|US20070276255 *||26 May 2006||29 Nov 2007||Millennium Devices Inc.||Flexible ultrasonic wire in an endoscope delivery system|
|US20070288079 *||26 Mar 2007||13 Dec 2007||Micrablate||Energy delivery system and uses thereof|
|US20080009859 *||2 Apr 2007||10 Jan 2008||Coaptus Medical Corporation||Transseptal left atrial access and septal closure|
|US20080097427 *||18 Dec 2007||24 Apr 2008||Barrx Medical, Inc.||Devices and Methods for Treatment of Luminal Tissue|
|US20080119921 *||17 Jul 2007||22 May 2008||Micrablate||Air-core microwave ablation antennas|
|US20080147056 *||16 Jul 2007||19 Jun 2008||Micrablate||Energy delivery systems and uses thereof|
|US20080147095 *||20 Feb 2008||19 Jun 2008||C. R. Bard, Inc||Tissue capturing and suturing device and method|
|US20080154289 *||26 Feb 2008||26 Jun 2008||Davol Inc.||Anastomotic outlet revision|
|US20080161787 *||16 Dec 2005||3 Jul 2008||Mitchell Roslin||Anastomotic Outlet Revision|
|US20080275445 *||2 May 2008||6 Nov 2008||Barrx Medical, Inc.||Method and apparatus for gastrointestinal tract ablation for treatment of obesity|
|US20080312646 *||8 Jan 2004||18 Dec 2008||Coaptus Medical Corporation||Transseptal closure of a patent foramen ovale and other cardiac defects|
|US20090012518 *||3 Jul 2008||8 Jan 2009||Utley David S||Method and Apparatus for Ablation of Benign, Pre-Cancerous and Early Cancerous Lesions That Originate Within the Epithelium and are Limited to the Mucosal Layer of the Gastrointestinal Tract|
|US20090036733 *||30 Jul 2007||5 Feb 2009||Michael Wallace||Cleaning device and methods|
|US20090036886 *||30 Jul 2007||5 Feb 2009||Utley David S||Cleaning device and methods|
|US20090048593 *||27 Oct 2008||19 Feb 2009||Ganz Robert A||System and method of treating abnormal tissue in the human esophagus|
|US20090093802 *||6 Oct 2008||9 Apr 2009||Coaptus Medical Corporation||Systems and Methods for Transeptal Cardiac Procedures, Including Tissue Penetrating Members and Associted Methods|
|US20100063600 *||15 Nov 2009||11 Mar 2010||Furlow Jr Leonard T||Materials and Methods for Soft Tissue Augmentation|
|US20100087917 *||8 Apr 2010||Heartcor||Injectable implants for tissue augmentation and restoration|
|US20100160995 *||18 Dec 2008||24 Jun 2010||Jerome Dargent||Method for treating obesity|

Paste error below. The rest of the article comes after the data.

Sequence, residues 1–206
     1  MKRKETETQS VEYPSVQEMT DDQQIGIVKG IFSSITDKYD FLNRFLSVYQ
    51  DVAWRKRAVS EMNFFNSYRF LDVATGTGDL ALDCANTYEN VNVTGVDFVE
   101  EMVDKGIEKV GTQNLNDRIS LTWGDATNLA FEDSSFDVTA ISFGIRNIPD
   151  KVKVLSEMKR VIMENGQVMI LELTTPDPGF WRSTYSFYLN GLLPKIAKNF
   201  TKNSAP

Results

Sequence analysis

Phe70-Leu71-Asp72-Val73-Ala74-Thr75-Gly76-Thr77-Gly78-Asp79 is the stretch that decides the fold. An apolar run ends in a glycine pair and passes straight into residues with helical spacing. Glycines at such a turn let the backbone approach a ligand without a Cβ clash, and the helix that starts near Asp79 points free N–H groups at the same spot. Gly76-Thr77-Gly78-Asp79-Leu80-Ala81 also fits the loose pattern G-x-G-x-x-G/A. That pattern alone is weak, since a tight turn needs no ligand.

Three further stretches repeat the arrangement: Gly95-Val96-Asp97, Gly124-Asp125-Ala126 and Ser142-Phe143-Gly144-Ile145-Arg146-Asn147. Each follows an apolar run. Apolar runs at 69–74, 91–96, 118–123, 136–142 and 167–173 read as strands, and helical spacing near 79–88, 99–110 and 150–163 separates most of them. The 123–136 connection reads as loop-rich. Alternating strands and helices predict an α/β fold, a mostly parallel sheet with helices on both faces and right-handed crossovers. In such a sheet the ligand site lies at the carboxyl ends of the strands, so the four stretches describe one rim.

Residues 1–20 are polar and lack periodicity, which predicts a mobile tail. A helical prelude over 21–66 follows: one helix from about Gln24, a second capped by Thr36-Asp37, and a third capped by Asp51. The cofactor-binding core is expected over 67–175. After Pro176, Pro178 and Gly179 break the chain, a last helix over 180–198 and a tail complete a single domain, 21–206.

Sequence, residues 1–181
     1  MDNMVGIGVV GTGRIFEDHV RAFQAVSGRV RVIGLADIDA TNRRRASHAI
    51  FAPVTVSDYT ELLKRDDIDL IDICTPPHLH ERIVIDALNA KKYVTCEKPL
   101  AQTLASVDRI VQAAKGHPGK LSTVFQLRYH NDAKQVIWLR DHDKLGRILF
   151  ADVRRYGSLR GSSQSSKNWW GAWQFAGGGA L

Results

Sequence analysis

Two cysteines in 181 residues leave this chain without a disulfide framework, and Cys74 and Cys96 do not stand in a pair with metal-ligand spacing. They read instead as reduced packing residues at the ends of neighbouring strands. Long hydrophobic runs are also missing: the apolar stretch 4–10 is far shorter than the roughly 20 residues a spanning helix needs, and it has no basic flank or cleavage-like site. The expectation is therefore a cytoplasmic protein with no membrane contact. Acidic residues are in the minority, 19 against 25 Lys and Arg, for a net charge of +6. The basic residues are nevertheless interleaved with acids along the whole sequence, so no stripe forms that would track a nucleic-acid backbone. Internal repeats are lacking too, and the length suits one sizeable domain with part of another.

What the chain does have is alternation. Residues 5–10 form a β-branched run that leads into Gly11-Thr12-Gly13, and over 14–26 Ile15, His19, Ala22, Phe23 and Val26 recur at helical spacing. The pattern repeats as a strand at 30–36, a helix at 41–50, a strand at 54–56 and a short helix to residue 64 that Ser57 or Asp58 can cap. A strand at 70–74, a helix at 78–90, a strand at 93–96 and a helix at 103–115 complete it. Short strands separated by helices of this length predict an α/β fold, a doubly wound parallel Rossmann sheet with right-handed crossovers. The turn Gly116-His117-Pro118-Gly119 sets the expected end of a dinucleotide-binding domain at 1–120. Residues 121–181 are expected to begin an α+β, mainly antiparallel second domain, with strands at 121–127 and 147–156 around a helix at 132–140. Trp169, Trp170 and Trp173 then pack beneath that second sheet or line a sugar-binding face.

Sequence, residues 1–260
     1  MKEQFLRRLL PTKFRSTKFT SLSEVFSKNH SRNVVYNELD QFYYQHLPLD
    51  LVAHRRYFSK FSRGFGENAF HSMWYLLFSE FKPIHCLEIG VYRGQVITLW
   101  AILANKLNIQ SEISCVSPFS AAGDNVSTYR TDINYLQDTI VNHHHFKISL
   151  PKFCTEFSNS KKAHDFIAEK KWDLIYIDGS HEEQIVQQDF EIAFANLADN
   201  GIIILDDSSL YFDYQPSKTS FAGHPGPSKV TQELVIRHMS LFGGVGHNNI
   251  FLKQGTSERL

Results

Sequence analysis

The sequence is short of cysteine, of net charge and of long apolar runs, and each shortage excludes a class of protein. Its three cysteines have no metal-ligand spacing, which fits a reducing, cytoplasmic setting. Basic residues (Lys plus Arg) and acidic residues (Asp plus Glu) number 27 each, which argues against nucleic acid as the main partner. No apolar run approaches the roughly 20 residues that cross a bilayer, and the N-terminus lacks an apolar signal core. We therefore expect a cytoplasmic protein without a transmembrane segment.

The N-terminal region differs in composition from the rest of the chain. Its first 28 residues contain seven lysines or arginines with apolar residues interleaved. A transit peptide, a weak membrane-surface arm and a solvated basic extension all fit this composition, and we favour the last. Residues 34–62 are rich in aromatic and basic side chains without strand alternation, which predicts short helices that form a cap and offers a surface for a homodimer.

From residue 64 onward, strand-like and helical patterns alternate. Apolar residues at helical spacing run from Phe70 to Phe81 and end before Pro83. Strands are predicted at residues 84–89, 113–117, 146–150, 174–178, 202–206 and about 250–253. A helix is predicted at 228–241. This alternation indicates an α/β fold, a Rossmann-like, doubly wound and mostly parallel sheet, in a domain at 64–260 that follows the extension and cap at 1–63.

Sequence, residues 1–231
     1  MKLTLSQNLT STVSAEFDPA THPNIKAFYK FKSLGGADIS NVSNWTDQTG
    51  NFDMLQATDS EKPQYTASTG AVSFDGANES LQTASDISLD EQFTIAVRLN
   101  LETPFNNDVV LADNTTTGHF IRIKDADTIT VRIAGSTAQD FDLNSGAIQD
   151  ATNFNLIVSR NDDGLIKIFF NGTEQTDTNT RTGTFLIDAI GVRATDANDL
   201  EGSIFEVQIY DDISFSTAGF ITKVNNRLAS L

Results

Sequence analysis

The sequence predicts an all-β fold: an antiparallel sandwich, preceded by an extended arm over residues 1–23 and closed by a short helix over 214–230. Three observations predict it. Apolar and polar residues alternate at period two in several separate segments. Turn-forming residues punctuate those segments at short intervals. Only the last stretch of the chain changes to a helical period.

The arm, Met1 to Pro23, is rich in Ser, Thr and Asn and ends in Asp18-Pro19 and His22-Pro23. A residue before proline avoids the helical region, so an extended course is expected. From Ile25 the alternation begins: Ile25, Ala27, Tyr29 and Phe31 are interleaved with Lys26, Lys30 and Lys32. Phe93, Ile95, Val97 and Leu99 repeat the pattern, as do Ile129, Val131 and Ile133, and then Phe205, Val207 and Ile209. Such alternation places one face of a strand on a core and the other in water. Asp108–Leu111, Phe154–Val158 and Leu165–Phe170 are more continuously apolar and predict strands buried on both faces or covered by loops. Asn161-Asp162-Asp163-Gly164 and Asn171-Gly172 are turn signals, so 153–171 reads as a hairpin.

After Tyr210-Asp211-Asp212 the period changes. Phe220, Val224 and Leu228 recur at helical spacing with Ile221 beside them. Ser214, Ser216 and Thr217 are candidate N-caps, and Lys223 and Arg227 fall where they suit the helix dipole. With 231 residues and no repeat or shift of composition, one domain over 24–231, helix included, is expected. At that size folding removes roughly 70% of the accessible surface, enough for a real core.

|US20100191237 *||31 Mar 2010||29 Jul 2010||Shadduck John H||Surgical instruments and techniques for treating gastro-esophageal reflux disease|
|US20100204673 *||25 Sep 2009||12 Aug 2010||Temple University-Of The Commonwealth System Of Higher Education||Obesity controlling method|
|US20110213356 *||1 Sep 2011||Wright Robert E||Methods and systems for spinal radio frequency neurotomy|
|U.S. Classification||606/41, 607/133, 607/101, 128/898|
|International Classification||A61B18/18, A61B18/00, A61B18/14, A61B18/12|
|Cooperative Classification||A61B2018/1425, A61B2018/126, A61B18/1492, A61B18/1477, A61B2018/00726, A61B2018/00214, A61B18/1206, A61B2018/00494, A61B2018/00678, A61B2018/00708, A61B2218/002, A61B2018/00553, A61B2018/00047, A61B2018/00011, A61B2018/1253, A61B2018/00666, A61B2018/00029, A61B2018/00791, A61B2018/00875, A61B18/18, A61B2018/0022, A61B2018/124, A61B2018/00684, A61B2018/00744, A61B2018/00702|
|European Classification||A61B18/14V, A61B18/14N|
|25 Sep 2002||AS||Assignment|
Owner name: CURON MEDICAL, INC., CALIFORNIA
Free format text: ASSIGNMENT OF ASSIGNORS INTEREST;ASSIGNORS:EDWARDS, STUART D.;UTLEY, DAVID S.;LAX, RONALD G.;AND OTHERS;REEL/FRAME:013332/0747;SIGNING DATES FROM 20020319 TO 20020405
|14 Jun 2005||CC||Certificate of correction|
|22 Sep 2008||REMI||Maintenance fee reminder mailed|
|23 Sep 2008||FPAY||Fee payment|
Year of fee payment: 4
|23 Sep 2008||SULP||Surcharge for late payment|
|24 Apr 2009||AS||Assignment|
Owner name: MEDERI THERAPEUTICS, INC., CONNECTICUT
Free format text: ASSIGNMENT OF ASSIGNORS INTEREST;ASSIGNOR:RESPIRATORY DIAGNOSTIC, INC.;REEL/FRAME:022597/0080
Effective date: 20080912
|29 Oct 2012||REMI||Maintenance fee reminder mailed|
|15 Mar 2013||LAPS||Lapse for failure to pay maintenance fees|
|7 May 2013||FP||Expired due to failure to pay maintenance fee|
Effective date: 20130315